This website is accessible to all versions of every browser. However, you are seeing this message because your browser does not support basic Web standards, and does not properly display the site's design details. Please consider upgrading to a more modern browser. (Learn More).
Posted Friday, November 10, 2006
There’s something special about Scottish traditional music. It has its very own defining lilt, rich varied tunefulness and evocative character that fit so well with the country's stark yet colourful terrain, changeable weather, isolation and dignified spirit of its people.
The three artists on “Red House” are totally attuned to that uniqueness and spirit – they know this music well, very well. Fiddler Chris Duncan was a NSW country boy who, when he was a teenager, became one of the pioneers of Scottish music in Australia. He’s been well known all over the country for many years for his performances, especially at Scottish dances, his workshops and his work with fiddle clubs. One of his inspirations has always been legendary Scottish fiddler Alasdair Fraser, and it would be fair to say Chris is Australia’s Alasdair. Chris’s previous album for ABC, “Fyvie’s Embrace” has sold over 11,000 copies. As a teenager Catherine Strutt joined her parents bush band on piano, before undertaking extensive Celtic Music studies in the US, including at Alasdair Fraser’s Valley of the Moon Music School in California. She is regarded as one of the finest Scottish-style piano players in Australia. Catherine and Chris have been entertaining audiences together since 1990. Cellist Julian Thompson is Principal Cello with the Canberra Symphony Orchestra but combines his busy classical schedule with performances in folk music, especially at folk festivals.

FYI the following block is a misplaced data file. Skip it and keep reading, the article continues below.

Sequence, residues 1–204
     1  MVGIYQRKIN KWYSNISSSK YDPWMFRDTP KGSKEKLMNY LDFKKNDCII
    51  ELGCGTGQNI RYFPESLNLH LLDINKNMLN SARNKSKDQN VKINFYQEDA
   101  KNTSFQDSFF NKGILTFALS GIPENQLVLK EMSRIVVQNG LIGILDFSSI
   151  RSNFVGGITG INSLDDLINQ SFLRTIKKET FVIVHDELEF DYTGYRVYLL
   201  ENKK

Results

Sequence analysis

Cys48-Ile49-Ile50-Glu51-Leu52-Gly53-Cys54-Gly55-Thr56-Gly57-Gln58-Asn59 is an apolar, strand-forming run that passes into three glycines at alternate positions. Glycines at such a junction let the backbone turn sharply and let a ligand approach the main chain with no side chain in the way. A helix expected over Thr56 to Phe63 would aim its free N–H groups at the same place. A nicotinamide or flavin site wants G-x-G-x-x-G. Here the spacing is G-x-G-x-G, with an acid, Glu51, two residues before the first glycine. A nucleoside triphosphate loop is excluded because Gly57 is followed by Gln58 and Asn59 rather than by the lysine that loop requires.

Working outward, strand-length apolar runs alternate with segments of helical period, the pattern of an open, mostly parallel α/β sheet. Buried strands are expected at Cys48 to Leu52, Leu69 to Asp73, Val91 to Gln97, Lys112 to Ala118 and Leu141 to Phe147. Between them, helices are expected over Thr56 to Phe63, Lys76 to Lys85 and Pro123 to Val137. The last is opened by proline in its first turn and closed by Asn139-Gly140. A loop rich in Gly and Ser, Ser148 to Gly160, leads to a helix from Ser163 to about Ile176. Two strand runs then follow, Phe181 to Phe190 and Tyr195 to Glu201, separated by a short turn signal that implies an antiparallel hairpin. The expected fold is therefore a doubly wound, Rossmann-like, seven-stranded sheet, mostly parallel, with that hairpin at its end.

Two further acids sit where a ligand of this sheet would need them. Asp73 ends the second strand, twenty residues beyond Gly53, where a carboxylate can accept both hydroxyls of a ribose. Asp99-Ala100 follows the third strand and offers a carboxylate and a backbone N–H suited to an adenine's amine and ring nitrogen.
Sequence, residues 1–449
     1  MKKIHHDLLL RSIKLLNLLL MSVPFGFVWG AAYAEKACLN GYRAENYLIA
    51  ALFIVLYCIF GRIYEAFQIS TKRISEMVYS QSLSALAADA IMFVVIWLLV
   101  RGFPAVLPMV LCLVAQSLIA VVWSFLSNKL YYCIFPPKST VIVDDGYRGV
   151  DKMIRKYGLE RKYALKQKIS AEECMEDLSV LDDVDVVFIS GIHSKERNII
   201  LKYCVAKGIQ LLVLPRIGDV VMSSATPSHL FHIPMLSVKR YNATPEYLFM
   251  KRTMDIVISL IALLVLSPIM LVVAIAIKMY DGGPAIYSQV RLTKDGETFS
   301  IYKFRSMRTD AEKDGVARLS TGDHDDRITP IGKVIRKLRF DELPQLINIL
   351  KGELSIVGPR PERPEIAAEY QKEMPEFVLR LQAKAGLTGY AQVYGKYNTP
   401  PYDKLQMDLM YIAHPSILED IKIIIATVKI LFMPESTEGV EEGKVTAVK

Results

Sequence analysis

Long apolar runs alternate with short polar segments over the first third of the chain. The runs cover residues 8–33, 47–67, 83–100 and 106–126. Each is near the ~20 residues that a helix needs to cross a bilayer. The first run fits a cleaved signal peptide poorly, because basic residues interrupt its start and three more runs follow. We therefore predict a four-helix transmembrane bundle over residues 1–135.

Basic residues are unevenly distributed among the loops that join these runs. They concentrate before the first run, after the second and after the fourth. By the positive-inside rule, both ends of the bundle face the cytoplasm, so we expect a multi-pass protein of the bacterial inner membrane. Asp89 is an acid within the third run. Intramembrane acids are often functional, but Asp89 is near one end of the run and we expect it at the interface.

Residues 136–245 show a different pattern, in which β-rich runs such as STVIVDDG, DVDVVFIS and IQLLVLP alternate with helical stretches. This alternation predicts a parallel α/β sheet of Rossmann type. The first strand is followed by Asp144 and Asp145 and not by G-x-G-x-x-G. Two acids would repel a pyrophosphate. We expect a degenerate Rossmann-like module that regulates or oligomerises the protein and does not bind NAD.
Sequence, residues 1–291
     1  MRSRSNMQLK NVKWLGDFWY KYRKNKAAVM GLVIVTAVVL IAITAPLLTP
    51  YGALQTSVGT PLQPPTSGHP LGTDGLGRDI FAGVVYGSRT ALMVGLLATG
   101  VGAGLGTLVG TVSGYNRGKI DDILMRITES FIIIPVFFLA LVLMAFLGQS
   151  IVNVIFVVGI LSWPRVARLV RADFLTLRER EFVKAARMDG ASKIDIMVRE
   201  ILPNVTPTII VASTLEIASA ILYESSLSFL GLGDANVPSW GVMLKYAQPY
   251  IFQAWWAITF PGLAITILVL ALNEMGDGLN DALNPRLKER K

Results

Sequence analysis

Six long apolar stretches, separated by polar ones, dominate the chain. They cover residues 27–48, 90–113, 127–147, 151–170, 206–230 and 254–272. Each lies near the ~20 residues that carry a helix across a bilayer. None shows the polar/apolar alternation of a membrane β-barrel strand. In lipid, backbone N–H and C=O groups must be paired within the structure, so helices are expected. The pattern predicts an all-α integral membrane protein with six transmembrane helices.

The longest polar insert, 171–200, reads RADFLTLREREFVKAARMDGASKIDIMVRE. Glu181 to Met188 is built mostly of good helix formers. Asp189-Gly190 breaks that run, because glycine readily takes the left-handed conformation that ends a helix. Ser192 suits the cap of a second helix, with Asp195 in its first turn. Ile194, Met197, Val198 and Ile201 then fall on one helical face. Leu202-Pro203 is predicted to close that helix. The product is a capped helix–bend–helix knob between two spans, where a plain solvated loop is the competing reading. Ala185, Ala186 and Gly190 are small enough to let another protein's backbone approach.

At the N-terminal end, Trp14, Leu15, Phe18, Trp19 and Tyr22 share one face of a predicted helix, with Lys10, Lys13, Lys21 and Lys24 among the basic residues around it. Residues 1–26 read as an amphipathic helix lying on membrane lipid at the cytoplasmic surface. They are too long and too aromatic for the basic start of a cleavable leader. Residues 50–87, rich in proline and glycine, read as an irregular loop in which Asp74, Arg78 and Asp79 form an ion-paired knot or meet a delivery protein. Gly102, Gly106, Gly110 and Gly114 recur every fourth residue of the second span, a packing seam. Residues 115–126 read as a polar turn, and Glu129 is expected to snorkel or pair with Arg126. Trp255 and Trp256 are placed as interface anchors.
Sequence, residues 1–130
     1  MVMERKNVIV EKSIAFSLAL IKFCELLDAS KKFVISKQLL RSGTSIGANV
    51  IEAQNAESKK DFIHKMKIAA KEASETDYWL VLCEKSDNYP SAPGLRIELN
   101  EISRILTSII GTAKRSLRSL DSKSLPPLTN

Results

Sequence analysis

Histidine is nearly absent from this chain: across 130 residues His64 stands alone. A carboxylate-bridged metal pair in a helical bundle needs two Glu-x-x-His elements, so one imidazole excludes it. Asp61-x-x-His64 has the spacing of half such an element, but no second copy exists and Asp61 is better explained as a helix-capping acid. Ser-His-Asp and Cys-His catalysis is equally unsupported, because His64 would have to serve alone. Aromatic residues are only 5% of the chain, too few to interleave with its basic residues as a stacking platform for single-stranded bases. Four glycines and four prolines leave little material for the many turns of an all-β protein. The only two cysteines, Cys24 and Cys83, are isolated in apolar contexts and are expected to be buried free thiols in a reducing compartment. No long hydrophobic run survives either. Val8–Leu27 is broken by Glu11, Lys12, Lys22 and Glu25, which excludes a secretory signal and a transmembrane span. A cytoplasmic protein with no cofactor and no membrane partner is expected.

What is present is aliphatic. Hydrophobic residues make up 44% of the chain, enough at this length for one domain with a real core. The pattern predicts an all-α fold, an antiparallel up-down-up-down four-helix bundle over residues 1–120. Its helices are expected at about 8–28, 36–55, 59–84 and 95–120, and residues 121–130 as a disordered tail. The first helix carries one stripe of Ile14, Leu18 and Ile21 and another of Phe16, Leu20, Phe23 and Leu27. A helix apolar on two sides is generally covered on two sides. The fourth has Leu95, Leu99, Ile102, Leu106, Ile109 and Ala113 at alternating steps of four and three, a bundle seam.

There’s a strong empathy between these players. Each has his or her turn at the lead, or plays solo, but the high level of artistry means they’re always right in the same musical space. Tunes are either on their own or nicely grouped in sets, arrangements are fluid and interesting, and there’s an agreeable mix of dances and airs. From the mystical, to the earthy and on to the transcendent, the listener is carried comfortably along from one mood to another.
A number of sources old and new are used, from 18th C. manuscripts like Walshe’s Country Dances, McGibbon’s Scots Tunes and Petrie’s 2nd Collection of Strathspey Reels and Country Dances, to the 19th C. Ryan’s Mammoth Collection, to 20th C. ones like The Archie Allan’s Scottish Violinist and David Gordon’s Nineties Collection. There are also tunes by Chris Duncan and Muriel Johnstone. Extensive interesting notes on the music’s origins are included.
A great deal of love and dedication has been lavished on this album, and the beauty of the cover photo of the famous Black Rock Cottage on Rannoch Moor near Glencoe in the Scottish Highlands perfectly matches the contents.